It is worth noting that in this year's presidential race, neither former New York Mayor Rudy Giuliani, nor former Sen. Fred Thompson of Tennessee, nor Sen. John McCain of Arizona have signed the ATR no-tax-increase pledge.
During Louisiana's 2003 gubernatorial campaign, The New Orleans Times-Picayune asked the candidates in a questionnaire: "Under what circumstances, if any, do you believe an abortion should be allowed?" Jindal said: "I am 100 percent pro-life with no exceptions. I believe all life is precious."
Louisiana's Democratic Party put out a flier attacking what it described as Jindal's "extreme position" on abortion. Jindal did not back down. When he ran for the U.S. House of Representatives in 2004, he filled out a questionnaire from the Republican National Coalition for Life once again stating that he believed in protecting the lives of unborn children without exception.
Another example of Jindal's profound respect for the right to life can be seen in his defense of the Second Amendment. After federal agents took guns away from law-abiding citizens in the aftermath of Hurricane Katrina, he secured legislation to ensure that gun owners would not have their firearms confiscated after disasters. "You need to be able to defend yourself, your family and your property," he later explained to the Lafayette Daily Advertiser. "With the legislation that we were able to pass, if there is a national threat, you don't have to worry about them taking away your rights."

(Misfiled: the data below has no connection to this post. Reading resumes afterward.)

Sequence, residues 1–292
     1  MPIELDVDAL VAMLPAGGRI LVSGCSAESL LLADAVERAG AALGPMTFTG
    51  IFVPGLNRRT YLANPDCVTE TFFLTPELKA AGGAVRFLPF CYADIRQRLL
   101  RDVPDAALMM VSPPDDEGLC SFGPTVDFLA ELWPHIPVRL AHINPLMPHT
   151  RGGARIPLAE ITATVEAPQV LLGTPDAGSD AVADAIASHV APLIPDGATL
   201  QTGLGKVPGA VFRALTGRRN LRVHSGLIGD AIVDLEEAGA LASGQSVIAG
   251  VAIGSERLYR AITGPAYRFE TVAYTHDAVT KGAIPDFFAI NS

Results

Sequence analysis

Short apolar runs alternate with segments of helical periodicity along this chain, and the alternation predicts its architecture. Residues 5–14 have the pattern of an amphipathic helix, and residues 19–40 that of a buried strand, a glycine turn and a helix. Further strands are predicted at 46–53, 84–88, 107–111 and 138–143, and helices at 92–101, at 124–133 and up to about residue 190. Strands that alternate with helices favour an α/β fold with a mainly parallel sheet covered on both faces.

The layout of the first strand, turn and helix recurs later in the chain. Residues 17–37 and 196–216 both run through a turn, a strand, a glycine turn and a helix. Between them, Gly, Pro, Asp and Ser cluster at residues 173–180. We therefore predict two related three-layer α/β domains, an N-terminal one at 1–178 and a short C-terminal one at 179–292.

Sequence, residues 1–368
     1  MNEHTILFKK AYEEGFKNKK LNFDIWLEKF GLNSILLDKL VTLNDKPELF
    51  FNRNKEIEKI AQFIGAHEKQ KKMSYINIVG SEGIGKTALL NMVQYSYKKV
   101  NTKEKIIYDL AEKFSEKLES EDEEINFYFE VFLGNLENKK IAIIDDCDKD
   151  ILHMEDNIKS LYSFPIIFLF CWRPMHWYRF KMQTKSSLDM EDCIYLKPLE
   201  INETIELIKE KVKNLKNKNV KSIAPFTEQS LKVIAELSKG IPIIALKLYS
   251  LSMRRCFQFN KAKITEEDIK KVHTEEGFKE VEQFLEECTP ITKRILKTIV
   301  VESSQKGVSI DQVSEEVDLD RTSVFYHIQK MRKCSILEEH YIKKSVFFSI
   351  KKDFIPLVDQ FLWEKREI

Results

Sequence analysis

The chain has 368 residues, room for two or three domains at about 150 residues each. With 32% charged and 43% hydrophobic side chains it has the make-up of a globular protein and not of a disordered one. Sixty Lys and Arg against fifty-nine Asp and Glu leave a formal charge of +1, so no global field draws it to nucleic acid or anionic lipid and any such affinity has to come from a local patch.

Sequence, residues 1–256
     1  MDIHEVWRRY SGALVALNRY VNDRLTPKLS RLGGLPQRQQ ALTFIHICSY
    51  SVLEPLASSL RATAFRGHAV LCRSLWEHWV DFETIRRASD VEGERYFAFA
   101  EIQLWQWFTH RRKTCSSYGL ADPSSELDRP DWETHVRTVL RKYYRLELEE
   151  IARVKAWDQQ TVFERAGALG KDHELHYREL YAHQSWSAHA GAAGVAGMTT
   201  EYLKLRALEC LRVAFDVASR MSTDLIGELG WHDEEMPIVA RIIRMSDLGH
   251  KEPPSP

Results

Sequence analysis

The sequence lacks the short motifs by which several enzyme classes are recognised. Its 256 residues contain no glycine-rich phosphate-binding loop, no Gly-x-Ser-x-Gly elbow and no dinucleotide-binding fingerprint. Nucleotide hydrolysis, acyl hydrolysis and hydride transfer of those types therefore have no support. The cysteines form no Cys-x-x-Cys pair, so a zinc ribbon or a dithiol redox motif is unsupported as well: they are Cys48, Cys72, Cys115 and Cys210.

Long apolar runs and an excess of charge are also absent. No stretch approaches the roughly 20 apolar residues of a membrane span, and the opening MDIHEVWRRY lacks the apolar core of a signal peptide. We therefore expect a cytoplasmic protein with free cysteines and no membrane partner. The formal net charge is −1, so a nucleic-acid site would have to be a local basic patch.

Jindal's parents immigrated to Louisiana from India when his mother was four months pregnant with him. He remains a defender of legal, but not illegal, immigration. "(W)e already know that drugs and hundreds of thousands of illegal immigrants come across our borders now every year, and that is simply not acceptable," he told the publication India Abroad. "(O)ur nation cannot be serious about protecting our country from the threat of terrorism without securing our borders and preventing illegal immigration."
Conservatives may someday look back and see a providential hand in the Jindal family's timely arrival in Louisiana. Had Bobby Jindal been born in India, not Baton Rouge, he could never have satisfied the constitutional mandate that "no person except a natural born citizen" can serve in this nation's highest office.